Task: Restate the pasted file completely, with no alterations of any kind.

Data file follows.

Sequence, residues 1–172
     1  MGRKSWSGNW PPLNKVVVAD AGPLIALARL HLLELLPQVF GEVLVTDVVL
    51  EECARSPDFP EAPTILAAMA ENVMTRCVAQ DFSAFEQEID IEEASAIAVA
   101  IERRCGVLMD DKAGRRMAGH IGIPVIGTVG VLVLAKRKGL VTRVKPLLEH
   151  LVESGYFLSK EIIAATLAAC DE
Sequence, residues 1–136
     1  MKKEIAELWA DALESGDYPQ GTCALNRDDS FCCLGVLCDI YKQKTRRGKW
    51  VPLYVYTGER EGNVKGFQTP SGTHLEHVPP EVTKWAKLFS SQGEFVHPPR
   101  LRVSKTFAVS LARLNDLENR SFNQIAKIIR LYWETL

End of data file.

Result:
Sequence, residues 1–172
     1  MGRKSWSGNW PPLNKVVVAD AGPLIALARL HLLELLPQVF GEVLVTDVVL
    51  EECARSPDFP EAPTILAAMA ENVMTRCVAQ DFSAFEQEID IEEASAIAVA
   101  IERRCGVLMD DKAGRRMAGH IGIPVIGTVG VLVLAKRKGL VTRVKPLLEH
   151  LVESGYFLSK EIIAATLAAC DE
Sequence, residues 1–136
     1  MKKEIAELWA DALESGDYPQ GTCALNRDDS FCCLGVLCDI YKQKTRRGKW
    51  VPLYVYTGER EGNVKGFQTP SGTHLEHVPP EVTKWAKLFS SQGEFVHPPR
   101  LRVSKTFAVS LARLNDLENR SFNQIAKIIR LYWETL